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Jones Seminar: Forging a Sustainable Future with Solid-State Metal Additive Manufacturing
3:30pm - 4:30pm ET
Optional ZOOM LINK
Meeting ID: 966 7432 5736
The mainstream fusion-based metal additive manufacturing processes face persistent challenges like porosity, residual stress, hot cracking, and high energy cost because of melting and rapid solidification. In this presentation, I will introduce an emerging solid-state metal additive manufacturing process as a solution: additive friction stir deposition, which enables location-specific printing, cladding, and repair without melting the feedstock. Through in-situ monitoring, tracer flow investigation, and process modeling, this forging-based additive manufacturing process is found to be characterized by rapid and large plastic deformation at elevated temperatures. Substantial material flow occurs under such extreme thermomechanical conditions, leading to fully dense material in the as-printed state with refined, equiaxed grain structures due to dynamic recrystallization.
Without modifying feedstock chemistry, forging-standard mechanical properties have been achieved in aerospace Ti alloys (as-printed) and Al alloys (after proper aging). Regarding niche applications, the extensive material flow during printing allows for rapid conversion of metal scraps into fully dense components, as demonstrated in upcycling of cast Al chips. This process has also shown unmatched capabilities in repairing deep, volumetric damage, such as through-holes in high-performance 7xxx Al structures, while maintaining comparable or even superior post-repair fatigue performance—by delaying crack initiation through dynamic microstructure evolution. Moreover, the compression and shear forces enhance the printing stability, enabling operation under austere conditions, as demonstrated by underwater printing of SS304. Overall, the non-melting nature, full print density, forging-like material performance, and circular economy applications make additive friction stir deposition a promising avenue for advancing metal sustainability, characterized by short lead time, low energy consumption, and minimal carbon footprint.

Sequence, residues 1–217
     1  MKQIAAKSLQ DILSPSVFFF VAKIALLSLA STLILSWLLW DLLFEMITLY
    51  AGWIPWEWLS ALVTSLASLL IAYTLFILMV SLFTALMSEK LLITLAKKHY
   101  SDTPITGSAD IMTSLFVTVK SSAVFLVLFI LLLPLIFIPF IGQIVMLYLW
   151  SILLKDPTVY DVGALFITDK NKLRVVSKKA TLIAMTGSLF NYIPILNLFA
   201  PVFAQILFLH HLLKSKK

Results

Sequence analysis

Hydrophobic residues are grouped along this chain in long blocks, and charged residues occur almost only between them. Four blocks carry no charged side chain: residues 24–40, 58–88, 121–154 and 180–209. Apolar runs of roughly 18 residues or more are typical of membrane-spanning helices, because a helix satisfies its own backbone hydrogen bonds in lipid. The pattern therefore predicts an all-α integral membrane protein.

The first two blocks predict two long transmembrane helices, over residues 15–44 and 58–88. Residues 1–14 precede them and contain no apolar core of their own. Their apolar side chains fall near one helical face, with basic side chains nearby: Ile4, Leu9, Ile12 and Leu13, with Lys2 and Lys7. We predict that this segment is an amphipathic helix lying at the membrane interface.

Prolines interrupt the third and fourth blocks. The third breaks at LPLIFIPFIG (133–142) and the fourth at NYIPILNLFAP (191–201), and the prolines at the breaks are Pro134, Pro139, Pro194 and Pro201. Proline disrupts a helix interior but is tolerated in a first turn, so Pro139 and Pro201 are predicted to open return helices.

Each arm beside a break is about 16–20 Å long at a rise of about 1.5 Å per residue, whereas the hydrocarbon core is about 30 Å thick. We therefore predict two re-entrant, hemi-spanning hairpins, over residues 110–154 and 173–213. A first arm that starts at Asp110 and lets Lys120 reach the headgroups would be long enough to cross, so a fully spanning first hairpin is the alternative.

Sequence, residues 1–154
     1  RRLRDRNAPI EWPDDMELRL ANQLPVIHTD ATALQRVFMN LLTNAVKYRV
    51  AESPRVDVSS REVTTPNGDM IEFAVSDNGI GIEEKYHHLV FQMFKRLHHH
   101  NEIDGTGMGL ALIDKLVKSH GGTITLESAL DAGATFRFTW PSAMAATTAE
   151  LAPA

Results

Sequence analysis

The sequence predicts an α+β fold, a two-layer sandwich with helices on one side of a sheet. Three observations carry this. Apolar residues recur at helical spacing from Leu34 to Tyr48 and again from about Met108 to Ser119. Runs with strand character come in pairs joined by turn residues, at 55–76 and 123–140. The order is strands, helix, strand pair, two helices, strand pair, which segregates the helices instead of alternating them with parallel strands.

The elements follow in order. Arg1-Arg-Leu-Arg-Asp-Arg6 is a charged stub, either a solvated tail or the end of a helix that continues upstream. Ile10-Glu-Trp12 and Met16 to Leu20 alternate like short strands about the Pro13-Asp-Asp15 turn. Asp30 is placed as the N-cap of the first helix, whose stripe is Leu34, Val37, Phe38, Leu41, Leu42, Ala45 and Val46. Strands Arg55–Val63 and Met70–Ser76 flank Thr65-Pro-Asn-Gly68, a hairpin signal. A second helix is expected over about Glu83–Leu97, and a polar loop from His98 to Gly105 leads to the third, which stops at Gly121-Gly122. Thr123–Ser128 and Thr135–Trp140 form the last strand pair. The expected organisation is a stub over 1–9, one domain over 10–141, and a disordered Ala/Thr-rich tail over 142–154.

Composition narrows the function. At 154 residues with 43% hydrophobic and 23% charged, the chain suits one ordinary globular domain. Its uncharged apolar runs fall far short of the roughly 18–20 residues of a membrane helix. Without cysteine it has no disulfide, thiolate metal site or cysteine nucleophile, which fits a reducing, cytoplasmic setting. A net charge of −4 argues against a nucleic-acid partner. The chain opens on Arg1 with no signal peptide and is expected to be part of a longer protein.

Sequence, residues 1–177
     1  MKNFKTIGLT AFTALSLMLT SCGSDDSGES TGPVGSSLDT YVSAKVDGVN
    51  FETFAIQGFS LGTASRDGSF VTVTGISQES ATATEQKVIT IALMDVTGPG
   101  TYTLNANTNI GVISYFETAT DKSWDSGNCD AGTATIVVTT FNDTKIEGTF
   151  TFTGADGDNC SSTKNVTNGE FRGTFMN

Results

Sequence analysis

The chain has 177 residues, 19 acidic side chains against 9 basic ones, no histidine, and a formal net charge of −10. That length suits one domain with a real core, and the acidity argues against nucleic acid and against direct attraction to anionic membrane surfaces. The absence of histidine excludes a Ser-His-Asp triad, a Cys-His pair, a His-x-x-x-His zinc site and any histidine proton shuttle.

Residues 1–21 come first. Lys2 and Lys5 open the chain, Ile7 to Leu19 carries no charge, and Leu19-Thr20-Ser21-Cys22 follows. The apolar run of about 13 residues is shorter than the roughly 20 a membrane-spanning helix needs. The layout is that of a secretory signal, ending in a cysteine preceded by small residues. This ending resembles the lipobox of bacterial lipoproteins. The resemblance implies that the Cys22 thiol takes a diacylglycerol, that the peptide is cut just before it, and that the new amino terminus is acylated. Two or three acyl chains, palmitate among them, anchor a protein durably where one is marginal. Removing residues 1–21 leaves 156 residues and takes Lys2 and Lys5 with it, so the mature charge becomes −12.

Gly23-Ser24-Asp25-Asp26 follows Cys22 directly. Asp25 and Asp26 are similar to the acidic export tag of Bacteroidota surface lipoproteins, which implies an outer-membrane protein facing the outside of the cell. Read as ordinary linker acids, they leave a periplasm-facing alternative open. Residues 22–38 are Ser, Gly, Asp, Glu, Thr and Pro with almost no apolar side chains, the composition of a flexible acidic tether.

Hosted by Professor Jifeng Liu.
About the Speaker(s)
Professor of Materials Science and Engineering, Virginia Tech
Hang Z. Yu is an associate professor in the Department of Materials Science and Engineering at Virginia Tech. He earned his BS in physics from Peking University and his PhD in materials science and engineering from MIT. He conducted postdoctoral research at MIT prior to joining the Virginia Tech faculty in 2016. Yu’s research focuses on materials processing and manufacturing science, emphasizing the underlying process physics, mechanics, and kinetics. His work also aims to leverage the process fundamentals to drive material sustainability to new heights, eg., via solid-state metal recycling, structural repair, and austere condition-resilient manufacturing. Pioneering the research in solid-state metal additive manufacturing, Yu has authored a monograph titled 'Additive Friction Stir Deposition' and co-edited a book: Solid- State Metal Additive Manufacturing: Physics, Processes, Mechanical Properties, and Applications (to be published by Wiley-VCH in 2024). Yu is a recipient of the DARPA Young Faculty Award and currently serves as an editor for Materialia.
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